Rachel Shenhav-Goldberg
Israeli. Lives in Toronto. Racism Researcher. Activist. Believes in Peace and Justice Everywhere.

The Risk of Having Bad Friends

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Last year, I was honored to attend Yom Kippur prayer at Toronto’s largest Conservative synagogue, Beth Tzedec. The synagogue generously opened its doors to non-members that evening (most Israelis will not know, but one must normally buy “tickets” to attend High Holiday services in North America).

As I stood there, among hundreds of Jews, I felt safe and a sense of belonging. I could let my guard down and just be who I am.

I say this for two main reasons.

First, the feeling was one of emotional and cognitive safety. The egalitarian atmosphere and the comfortable feeling I had, when I stood there with my family, enabled me to connect to Jewish tradition without feeling compelled to believe or to fulfill “commandments” that clash with my way of life and contradict my moral principles.

The second reason I felt safe was due to physical security. I learned that being a Jew in North America means being safe.

However, I couldn’t be more wrong. In retrospect, already full year before the tragic events in Pittsburgh, warning signs appeared on my own computer.  The results of a survey of 468 university students I had done with Prof. Jeffrey Kopstein started rolling in. One question we asked was: “Do Jews use Christian blood for ritual purposes?”

Let’s start with the good news:  47% of respondents “strongly disagreed” with this statement. The bad news, however, is that the rest (53%) were not so certain.

But wait!!! There is more. Even more alarming is that six percent were pretty sure this is true—that Jews use Christian blood for ritual purposes.

Think about it for a moment. In a different context it might sound almost funny, but three people out of 50 – in the educated population in the US, believes that when I sit with my family around the holiday table, it may be the blood of my Christian neighbor leaving a stain on my tablecloth.

This sort of traditional anti-Semitism is one I thought had disappeared a long time ago.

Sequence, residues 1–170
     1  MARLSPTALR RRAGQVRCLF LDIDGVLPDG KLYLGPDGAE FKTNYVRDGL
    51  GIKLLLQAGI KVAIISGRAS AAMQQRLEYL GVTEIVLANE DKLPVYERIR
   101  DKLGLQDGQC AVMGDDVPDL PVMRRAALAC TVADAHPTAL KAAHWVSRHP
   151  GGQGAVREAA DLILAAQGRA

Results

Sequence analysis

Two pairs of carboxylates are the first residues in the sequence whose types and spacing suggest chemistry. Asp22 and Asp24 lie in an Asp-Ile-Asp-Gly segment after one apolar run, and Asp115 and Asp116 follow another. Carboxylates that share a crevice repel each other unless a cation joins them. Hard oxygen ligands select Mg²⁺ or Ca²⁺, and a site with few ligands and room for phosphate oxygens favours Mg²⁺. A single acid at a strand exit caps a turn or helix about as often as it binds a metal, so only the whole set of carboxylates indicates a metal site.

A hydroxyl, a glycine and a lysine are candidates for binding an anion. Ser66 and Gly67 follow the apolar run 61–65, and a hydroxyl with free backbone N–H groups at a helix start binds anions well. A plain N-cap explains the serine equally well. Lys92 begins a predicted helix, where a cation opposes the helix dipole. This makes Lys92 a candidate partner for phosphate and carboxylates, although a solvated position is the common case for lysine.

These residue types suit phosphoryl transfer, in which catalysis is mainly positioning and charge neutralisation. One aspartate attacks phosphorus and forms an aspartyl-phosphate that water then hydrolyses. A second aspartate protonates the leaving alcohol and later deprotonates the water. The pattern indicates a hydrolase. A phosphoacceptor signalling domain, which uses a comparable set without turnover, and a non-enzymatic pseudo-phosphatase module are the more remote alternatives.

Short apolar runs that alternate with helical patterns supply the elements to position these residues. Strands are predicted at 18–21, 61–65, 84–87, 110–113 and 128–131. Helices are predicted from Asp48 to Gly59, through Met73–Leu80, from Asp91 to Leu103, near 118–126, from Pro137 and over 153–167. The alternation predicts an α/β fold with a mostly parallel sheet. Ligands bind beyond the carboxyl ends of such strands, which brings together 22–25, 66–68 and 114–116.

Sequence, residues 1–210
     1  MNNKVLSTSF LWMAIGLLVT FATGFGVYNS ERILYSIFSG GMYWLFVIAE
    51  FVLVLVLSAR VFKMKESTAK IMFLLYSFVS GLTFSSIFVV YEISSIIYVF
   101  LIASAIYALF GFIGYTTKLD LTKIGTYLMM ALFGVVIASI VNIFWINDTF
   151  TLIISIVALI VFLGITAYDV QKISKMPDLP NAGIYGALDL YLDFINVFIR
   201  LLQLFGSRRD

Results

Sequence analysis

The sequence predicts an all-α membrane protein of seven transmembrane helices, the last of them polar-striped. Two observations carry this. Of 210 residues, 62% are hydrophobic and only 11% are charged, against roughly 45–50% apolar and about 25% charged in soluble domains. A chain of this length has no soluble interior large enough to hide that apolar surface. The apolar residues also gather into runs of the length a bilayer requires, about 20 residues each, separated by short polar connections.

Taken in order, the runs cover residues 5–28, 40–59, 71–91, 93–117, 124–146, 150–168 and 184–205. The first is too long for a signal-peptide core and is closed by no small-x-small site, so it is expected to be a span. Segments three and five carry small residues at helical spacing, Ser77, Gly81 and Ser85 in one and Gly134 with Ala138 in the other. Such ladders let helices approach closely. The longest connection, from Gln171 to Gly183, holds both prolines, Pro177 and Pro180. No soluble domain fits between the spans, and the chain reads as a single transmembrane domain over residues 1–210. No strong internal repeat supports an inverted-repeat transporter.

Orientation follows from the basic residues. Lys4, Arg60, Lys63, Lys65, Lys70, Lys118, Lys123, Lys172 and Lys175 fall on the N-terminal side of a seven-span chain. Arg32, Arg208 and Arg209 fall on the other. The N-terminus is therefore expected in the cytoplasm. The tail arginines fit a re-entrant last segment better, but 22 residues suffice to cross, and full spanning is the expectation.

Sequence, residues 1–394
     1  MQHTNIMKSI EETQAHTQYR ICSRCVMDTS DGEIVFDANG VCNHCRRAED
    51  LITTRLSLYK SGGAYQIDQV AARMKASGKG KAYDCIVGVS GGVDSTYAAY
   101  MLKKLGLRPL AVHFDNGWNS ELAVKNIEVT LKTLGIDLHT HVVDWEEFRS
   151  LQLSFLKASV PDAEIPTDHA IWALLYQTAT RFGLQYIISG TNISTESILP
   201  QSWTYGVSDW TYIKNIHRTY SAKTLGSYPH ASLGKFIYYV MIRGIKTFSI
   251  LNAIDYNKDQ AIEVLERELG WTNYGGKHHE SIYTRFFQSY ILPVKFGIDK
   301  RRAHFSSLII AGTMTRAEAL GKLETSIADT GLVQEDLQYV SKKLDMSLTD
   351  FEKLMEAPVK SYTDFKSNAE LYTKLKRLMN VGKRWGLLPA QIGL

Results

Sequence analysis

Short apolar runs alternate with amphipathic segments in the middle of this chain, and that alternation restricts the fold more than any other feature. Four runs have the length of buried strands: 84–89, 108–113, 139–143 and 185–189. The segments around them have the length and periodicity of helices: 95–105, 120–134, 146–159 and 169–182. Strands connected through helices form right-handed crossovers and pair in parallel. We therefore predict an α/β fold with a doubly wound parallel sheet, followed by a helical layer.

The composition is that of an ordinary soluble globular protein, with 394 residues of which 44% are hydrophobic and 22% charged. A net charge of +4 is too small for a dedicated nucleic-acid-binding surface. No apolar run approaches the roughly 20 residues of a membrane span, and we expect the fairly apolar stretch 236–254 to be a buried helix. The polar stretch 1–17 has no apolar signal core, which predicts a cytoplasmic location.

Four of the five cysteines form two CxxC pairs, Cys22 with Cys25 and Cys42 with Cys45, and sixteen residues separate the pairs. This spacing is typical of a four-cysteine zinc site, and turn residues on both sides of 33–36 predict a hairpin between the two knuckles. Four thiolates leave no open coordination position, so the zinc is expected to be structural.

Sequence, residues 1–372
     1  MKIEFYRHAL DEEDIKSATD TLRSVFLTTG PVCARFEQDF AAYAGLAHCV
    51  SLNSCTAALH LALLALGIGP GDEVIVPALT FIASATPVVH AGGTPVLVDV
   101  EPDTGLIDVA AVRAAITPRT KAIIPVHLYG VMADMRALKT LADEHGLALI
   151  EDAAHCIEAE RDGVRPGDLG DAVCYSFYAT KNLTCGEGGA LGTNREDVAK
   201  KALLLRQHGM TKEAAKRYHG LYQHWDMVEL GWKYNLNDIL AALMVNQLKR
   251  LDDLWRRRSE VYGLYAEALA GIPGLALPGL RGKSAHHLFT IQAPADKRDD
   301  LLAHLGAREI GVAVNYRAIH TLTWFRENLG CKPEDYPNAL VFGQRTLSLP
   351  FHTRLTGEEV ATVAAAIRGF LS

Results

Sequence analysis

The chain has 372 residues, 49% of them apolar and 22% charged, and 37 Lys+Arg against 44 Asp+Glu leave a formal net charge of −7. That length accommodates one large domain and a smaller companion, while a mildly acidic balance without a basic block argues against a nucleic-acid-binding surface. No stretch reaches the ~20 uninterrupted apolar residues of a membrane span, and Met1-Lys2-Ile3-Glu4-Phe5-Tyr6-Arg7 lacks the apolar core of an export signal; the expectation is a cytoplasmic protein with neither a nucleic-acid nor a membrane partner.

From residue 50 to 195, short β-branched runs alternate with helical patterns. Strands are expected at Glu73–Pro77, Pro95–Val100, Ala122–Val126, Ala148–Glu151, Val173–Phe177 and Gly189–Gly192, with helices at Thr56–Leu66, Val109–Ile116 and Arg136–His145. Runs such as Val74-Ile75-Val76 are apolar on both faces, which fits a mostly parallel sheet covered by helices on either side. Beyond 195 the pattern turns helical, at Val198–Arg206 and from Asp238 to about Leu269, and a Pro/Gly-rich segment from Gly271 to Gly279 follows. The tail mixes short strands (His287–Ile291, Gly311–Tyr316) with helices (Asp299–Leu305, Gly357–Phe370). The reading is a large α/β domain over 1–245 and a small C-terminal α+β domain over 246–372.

When you hate one, you hate them all.

Usually, it is the words of leaders that mobilize anti-Semitic beliefs into violence. Trump and other right-wing leaders have tapped into a deep reservoir of hate and white supremacy in the last few years.

Although Trump rarely talks about Jews, research shows that racism against minorities never ends with the initially targeted group.  What starts with the Mexicans moves on to other groups. Disgust and fear may be present among the majority, but the true source of prejudice is the desire to rule over and dominate others.

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Netanyahu is an intelligent man. He knows his history. As the prime minister of the only Jewish state, he has responsibilities, not only for the safety of Israel’s citizens but also for the safety of Jews throughout the world.

When Bibi supports extreme right-wing leaders, such as Trump in the US, Bolsonaro in Brazil, or Orbán in Hungary because of their unconditionally support for Israel at the UN, he is throwing the Diaspora Jews under the bus.

Last week a toxic brew of political extremism (opposing a Jewish refugee agency and “George Soros”) and anti-Semitism prompted a white nationalist to kill 11 Jews in a synagogue.

Of course, the hate spewed by the Israeli right in and outside of Israel did not cause the tragedy in Pittsburgh. But, when we realize that anti-Semitic views are still out there, we cannot ignore the risk — of our Israeli government making friends with extreme right-wing leaders.

About the Author
Rachel Shenhav-Goldberg is an academic researcher, group facilitator and an activist. She is a New Israel Fund fellow. Currently living in Canada, after spending most of her life in Israel. She has a post-doctorate from the University of Toronto, and Ph.D. from Tel Aviv University. Her research focuses on race relations in Israel and antisemitism in North-America. She has worked as a social worker in Israel and facilitated intercultural and anti-racism groups.
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